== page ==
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Open Access Open Badges Research article

Urinary protein markers predict the severity of renal histological lesions in children with mesangial proliferative glomerulonephritis

Yanhong Li12, Jian Wang1, Xueming Zhu13, Qihua Feng2, Xiaozhong Li2* and Xing Feng4*

Author Affiliations

1 Institute of pediatric research, Children’s Hospital of Soochow University, Suzhou, China

2 Department of nephrology, Children’s Hospital of Soochow University, Suzhou, China

3 Department of pathology, Children’s Hospital of Soochow University, Suzhou, China

4 Department of neonatology, Children’s Hospital of Soochow University, Suzhou, China

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BMC Nephrology 2012, 13:29  doi:10.1186/1471-2369-13-29

Published: 20 May 2012



Several renal histopathological features, including mesangial hypercellularity, glomerulosclerosis, tubular atrophy and interstitial fibrosis, are considered to be independent predictors of end-stage renal failure in patients with glomerular diseases. Mesangial proliferative glomerulonephritis (MesPGN) is characterized by proliferations of mesangial cells with increase in mesangial matrix and/or deposits in mesangial region. The purpose of this study is to determine the association between urinary protein markers measured at the same time as renal biopsy and the severity of renal histological lesions in children with MesPGN, and to evaluate whether these markers could serve as predictors of severe renal histological lesions in this population.


Ninety-eight children with MesPGN (40 with IgA nephropathy, 37 with IgM nephropathy, and 21 with MesPGN without IgA/IgM deposition) were enrolled. Urinary level of IgG, albumin, transferrin, α1-microglobulin, β2-microglobulin and N-acetyl-β-glucosaminidase from a morning sample before biopsy was measured.

The scores of mesangial hypercellularity, glomerulosclerosis, and tubule-interstitial damage were used to semi-quantitatively evaluate renal histological lesions.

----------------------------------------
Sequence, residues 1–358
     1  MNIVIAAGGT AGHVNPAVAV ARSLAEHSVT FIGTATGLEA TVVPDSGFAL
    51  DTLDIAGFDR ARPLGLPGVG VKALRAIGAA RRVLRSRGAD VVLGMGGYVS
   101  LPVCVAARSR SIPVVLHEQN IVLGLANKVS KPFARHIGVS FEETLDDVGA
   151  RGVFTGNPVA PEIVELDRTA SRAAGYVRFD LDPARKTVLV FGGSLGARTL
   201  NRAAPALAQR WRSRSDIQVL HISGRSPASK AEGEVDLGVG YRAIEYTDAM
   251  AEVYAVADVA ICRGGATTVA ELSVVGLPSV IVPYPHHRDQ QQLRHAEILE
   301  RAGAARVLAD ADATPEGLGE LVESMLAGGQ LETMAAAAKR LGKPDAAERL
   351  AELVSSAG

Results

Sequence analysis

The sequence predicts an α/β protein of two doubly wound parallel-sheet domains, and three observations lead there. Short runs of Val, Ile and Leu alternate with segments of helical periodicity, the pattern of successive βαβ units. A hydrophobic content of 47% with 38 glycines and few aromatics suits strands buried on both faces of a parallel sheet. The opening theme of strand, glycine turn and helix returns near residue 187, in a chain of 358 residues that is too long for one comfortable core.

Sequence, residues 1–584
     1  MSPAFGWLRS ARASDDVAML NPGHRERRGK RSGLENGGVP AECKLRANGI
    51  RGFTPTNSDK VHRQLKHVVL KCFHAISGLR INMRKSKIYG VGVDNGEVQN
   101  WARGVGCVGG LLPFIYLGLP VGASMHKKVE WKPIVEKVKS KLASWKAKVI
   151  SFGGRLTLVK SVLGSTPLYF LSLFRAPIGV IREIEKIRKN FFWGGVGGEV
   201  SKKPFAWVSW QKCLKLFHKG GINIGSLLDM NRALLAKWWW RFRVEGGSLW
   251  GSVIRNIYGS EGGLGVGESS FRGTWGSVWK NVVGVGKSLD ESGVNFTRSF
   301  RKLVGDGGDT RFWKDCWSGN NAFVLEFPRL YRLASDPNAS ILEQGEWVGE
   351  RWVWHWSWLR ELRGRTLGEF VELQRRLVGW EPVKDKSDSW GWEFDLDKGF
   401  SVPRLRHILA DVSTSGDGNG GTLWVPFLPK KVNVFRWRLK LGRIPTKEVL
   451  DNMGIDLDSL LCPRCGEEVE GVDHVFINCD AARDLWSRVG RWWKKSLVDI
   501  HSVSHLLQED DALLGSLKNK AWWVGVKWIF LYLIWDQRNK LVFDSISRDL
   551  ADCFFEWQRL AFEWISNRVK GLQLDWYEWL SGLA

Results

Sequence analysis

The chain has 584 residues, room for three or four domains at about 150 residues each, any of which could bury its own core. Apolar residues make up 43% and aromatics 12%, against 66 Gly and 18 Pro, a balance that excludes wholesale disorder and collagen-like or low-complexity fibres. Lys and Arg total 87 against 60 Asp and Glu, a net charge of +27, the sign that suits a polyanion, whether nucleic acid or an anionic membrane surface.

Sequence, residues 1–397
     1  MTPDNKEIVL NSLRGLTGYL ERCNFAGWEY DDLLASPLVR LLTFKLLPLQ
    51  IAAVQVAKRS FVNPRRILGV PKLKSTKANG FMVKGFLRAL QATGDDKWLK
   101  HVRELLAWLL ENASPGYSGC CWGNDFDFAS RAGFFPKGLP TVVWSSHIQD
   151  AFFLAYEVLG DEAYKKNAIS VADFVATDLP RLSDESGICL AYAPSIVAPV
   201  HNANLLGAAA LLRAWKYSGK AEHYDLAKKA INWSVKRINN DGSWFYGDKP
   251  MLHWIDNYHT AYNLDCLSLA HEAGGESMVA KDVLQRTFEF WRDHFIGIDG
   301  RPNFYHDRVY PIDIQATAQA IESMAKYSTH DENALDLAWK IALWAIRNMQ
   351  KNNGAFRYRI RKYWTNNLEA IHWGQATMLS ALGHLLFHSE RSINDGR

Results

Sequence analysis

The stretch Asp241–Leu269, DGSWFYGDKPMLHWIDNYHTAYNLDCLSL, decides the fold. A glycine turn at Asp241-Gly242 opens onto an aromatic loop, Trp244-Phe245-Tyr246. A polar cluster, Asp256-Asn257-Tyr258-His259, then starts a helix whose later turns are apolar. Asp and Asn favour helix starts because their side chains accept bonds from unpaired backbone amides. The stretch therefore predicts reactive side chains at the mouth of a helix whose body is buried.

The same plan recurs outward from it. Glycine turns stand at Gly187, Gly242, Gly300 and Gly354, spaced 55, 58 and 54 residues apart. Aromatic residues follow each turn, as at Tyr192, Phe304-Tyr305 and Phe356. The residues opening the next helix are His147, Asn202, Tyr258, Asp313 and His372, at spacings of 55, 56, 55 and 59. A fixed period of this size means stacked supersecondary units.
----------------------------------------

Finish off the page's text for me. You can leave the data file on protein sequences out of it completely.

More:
The urine proteins, as independent factors associated with severe mesangial cellularity (> 5 mesangial cells/ mesangial area) were transferrin, albumin, α1-microglobulin, IgG and 24-hour total protein, with severe glomerulosclerosis (≥ 10 % glomeruli showing segmental adhesions or sclerosis) were transferrin and 24-hour total protein, and with severe tubule-interstitial damage (focal or diffuse tubular and interstitial lesions) were transferrin and N-acetyl-β-glucosaminidase. Urinary transferrin achieved the area under-the-receiver-operating-characteristic curve (AUC) of 0.86 and 0.82, respectively, for predicting severe mesangial cellularity and glomerulosclerosis. Urinary N-acetyl-β-glucosaminidase achieved the highest AUC of 0.82 for predicting severe tubule-interstitial damage. The combination of urinary protein markers, however, did not improve the predictability for renal histological lesions.


Urinary protein markers are useful to predict the severity of renal histological lesions in children with MesPGN, which suggests that urinary proteins might be useful to predict the development and progression of renal histological lesions, and assist in evaluating the outcome and prognosis in children with MesPGN as non-invasive and easily repeatable indicators on the follow-up examination.